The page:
When government and religion are intertwined, there are almost always issues. Look at when Christians had control of the world. We had the crusades, people being hung for stealing loaves of bread, and the Inquisition. And now, the Islamic countries have some of the poorest quality of life on the planet.
We are not at the endtimes and we do not appear to be nearing the endtimes (at least I certainly hope not), so there is no reason for religion to take a place in modern government, where we have carefully placed the basic morals of living in society into a legal context without the complications of religion.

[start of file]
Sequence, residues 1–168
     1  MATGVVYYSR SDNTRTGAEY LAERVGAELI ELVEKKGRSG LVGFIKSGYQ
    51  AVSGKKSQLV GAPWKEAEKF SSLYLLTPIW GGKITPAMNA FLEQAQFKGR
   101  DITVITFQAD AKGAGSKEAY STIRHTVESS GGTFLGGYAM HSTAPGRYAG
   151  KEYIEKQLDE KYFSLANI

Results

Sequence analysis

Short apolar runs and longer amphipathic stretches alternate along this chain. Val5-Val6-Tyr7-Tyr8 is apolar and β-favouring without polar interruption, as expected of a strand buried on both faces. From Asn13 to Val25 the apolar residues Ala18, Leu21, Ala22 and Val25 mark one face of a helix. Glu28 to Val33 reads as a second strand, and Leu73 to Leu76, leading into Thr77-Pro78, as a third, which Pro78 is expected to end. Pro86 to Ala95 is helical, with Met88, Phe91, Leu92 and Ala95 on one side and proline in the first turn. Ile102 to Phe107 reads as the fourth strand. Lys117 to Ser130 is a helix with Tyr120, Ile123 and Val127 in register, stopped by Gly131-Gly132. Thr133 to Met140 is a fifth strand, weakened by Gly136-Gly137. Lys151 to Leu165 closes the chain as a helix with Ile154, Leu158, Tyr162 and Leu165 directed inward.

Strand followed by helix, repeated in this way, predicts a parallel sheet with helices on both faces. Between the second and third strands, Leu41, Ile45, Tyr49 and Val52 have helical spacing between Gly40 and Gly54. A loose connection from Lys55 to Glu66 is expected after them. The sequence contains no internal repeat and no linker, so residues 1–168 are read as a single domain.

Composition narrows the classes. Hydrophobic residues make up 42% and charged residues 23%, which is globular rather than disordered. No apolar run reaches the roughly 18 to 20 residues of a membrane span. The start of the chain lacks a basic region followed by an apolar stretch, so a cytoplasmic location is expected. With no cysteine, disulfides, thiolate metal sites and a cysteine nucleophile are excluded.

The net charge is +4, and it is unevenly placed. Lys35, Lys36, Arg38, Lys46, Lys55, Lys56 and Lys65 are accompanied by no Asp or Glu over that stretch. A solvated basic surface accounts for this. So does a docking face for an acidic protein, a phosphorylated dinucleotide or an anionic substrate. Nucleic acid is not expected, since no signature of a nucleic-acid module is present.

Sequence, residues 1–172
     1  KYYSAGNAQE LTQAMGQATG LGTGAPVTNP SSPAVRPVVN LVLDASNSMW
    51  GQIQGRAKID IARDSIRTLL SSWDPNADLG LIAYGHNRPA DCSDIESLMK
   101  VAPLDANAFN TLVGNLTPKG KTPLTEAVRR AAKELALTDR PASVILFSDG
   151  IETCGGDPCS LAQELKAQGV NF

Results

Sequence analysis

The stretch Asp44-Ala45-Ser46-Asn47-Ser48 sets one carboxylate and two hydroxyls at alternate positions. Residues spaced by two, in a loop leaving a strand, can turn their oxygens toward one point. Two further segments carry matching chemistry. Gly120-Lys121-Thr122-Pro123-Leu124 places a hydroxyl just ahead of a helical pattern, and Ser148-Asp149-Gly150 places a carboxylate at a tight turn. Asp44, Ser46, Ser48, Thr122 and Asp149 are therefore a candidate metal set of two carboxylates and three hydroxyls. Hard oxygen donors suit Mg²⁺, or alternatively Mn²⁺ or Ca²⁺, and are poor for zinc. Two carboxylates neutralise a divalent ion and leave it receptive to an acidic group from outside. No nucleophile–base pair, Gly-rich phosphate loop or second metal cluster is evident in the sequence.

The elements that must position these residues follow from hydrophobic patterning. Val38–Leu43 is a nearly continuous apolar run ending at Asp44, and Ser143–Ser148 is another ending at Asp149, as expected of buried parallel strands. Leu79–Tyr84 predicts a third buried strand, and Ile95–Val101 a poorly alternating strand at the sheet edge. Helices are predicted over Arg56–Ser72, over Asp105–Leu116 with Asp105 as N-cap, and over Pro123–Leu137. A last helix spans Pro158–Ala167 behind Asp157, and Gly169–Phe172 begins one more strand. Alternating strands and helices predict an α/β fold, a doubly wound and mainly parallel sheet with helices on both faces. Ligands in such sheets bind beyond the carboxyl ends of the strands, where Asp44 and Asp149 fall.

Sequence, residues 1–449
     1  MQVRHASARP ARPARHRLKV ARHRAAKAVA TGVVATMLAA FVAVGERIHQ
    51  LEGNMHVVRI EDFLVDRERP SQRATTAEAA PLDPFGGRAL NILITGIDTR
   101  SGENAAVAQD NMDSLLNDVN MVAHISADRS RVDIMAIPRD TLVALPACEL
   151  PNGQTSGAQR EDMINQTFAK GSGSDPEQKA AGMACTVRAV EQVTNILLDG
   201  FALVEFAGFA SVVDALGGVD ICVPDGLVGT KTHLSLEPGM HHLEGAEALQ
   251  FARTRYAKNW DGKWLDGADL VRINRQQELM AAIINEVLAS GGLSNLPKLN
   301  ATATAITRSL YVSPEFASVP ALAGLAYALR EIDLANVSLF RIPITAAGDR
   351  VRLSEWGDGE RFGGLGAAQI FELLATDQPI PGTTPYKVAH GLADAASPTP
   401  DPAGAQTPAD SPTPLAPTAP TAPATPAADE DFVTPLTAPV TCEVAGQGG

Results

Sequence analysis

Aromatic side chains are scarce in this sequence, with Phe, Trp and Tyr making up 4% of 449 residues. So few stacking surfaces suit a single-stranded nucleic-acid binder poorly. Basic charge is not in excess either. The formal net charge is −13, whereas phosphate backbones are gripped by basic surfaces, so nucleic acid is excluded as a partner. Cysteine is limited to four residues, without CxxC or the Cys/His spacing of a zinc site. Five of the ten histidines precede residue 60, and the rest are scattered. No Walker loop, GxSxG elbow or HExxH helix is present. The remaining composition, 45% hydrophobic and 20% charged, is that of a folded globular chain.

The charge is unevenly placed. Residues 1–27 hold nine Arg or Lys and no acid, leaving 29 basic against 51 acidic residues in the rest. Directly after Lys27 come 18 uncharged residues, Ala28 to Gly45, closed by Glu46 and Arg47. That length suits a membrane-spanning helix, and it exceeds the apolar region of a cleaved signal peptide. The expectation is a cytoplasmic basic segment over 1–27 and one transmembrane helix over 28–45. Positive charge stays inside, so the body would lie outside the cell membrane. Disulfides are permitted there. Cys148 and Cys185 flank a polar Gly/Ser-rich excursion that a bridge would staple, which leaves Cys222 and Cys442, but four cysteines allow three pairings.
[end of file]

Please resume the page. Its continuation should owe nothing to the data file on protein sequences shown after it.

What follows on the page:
The last thing we need anywhere in the world is a combination of church and state. That's what the Taliban are/were. Here in the United States, we have a number of extremist religious bigots who are trying to rewrite the Constitution to make this a Christian theocracy. That would be a disaster if it happened.
Yes, separation of church and state is best for democracy. Historically, organized religions and/or "the church," have been rather controlling when they were able to be because they were in power in government. Religious views can be disruptive to regular political processes and therefore they should be left out of government.